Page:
Alien Insurer

What is 'Alien Insurer'

An alien insurer is an insurance company offering insurance in a country other than the country in which it was established.

BREAKING DOWN 'Alien Insurer'

An alien insurer is defined by the relationship between the country where it is incorporated and the location in which it sells a given policy. As long as a policy gets sold in a country other than the country in which the insurer is domiciled, the insurer would be considered alien insurer. A company based in Switzerland would be considered a domestic insurer of a policy purchased in Zurich. If a person in New York purchased a policy from the same company, however, the insurance company would be considered an alien insurer.

Regardless of where the insurer is located, it must follow the rules and regulations governing insurance practices in each locale where policies are offered and sold. These regulations may exist at multiple levels of government. For example, in the United States, different states have their own specific requirements for alien insurers operating under their jurisdiction. Chief insurance regulators from each state and territory in the United States collectively govern the National Association of Insurance Commissioners, or NAIC, which meets three times a year and establishes regulatory standards at the national level. The group also publishes a quarterly listing of alien insurers who have provided the NAIC with information indicating they have fulfilled a set of standard criteria for operation in foreign countries.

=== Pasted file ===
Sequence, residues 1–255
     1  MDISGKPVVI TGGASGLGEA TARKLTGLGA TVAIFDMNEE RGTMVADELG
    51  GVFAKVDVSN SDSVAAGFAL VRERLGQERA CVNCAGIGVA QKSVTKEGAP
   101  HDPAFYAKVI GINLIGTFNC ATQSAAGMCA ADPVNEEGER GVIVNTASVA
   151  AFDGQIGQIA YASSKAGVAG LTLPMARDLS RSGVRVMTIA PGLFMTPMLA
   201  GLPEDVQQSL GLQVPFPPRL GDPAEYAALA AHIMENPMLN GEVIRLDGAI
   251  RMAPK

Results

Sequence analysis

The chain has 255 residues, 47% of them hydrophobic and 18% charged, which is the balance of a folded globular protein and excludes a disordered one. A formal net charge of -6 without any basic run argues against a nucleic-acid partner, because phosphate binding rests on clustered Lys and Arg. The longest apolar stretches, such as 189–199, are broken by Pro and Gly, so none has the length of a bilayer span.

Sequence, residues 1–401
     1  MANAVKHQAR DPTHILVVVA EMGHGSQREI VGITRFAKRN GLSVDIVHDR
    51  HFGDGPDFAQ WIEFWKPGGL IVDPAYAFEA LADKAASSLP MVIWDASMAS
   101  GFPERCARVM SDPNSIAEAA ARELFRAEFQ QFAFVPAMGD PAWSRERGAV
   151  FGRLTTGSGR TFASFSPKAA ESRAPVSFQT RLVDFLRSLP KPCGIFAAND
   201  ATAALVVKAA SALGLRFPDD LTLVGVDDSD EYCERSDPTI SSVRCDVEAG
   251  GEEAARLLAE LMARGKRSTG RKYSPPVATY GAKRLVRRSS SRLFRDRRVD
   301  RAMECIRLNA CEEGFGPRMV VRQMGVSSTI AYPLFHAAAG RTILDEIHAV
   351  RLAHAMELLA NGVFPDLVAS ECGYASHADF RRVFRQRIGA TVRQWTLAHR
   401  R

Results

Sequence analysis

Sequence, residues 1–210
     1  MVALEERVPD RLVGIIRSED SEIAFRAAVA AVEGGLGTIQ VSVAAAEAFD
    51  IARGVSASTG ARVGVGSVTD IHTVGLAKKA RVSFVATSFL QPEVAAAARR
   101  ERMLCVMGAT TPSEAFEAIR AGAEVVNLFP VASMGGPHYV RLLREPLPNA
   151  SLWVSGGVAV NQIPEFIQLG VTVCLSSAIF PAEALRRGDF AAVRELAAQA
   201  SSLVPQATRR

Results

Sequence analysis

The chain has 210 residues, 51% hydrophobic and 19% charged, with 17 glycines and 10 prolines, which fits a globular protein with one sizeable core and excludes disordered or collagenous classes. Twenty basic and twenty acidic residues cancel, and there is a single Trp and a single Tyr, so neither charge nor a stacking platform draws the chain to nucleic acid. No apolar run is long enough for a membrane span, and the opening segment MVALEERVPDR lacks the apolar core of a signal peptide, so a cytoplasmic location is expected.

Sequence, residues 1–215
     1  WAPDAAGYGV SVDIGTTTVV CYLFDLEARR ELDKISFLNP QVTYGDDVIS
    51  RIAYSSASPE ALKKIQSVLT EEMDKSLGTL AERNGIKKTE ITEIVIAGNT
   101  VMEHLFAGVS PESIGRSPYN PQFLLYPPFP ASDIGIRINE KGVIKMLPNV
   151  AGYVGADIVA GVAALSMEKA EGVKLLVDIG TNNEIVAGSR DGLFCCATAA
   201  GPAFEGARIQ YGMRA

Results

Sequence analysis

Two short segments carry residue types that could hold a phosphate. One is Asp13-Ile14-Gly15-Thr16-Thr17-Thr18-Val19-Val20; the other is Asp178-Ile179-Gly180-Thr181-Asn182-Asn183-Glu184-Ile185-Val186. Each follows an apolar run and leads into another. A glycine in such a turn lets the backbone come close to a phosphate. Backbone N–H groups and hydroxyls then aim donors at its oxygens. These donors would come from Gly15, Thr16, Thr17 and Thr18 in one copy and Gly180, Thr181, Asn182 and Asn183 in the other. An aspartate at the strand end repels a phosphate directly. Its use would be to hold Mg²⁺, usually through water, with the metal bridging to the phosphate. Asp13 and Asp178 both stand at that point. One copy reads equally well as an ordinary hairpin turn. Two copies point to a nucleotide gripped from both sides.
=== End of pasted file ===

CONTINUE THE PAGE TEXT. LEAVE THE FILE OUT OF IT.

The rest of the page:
Example of an alien insurer

Lloyd’s of London underwrites a large number of policies in the United States, where its syndicated underwriters would be considered alien insurers. Because Lloyd’s operates under a different structure than most commercial insurers, it can often offer surplus lines insurance that may be difficult or impossible to cover under a regular domestic insurer. For example, prominent American singers such as Bruce Springsteen, Bob Dylan and Mariah Carey have held insurance through Lloyd’s for their voices, covering potential lost work in the event of damage to their vocal cords.

Alien insurer Compared to foreign insurer

In the United States, an insurance company represented by an agent in a state other than the one in which it is incorporated is considered a foreign insurer. This terminology distinguishes companies based in the United States but selling policies across state lines from alien insurers, which are based in another country. As with alien insurers, foreign insurers must comply with laws governing the jurisdiction in which they issue policies. For example, Mutual of Omaha is a Nebraska-based insurance company that sells insurance throughout much of the United States. Agents selling the company’s policies in the state of Washington would be considered representatives of a foreign insurer and would need to abide by the regulations established in Washington, rather than those established in Nebraska.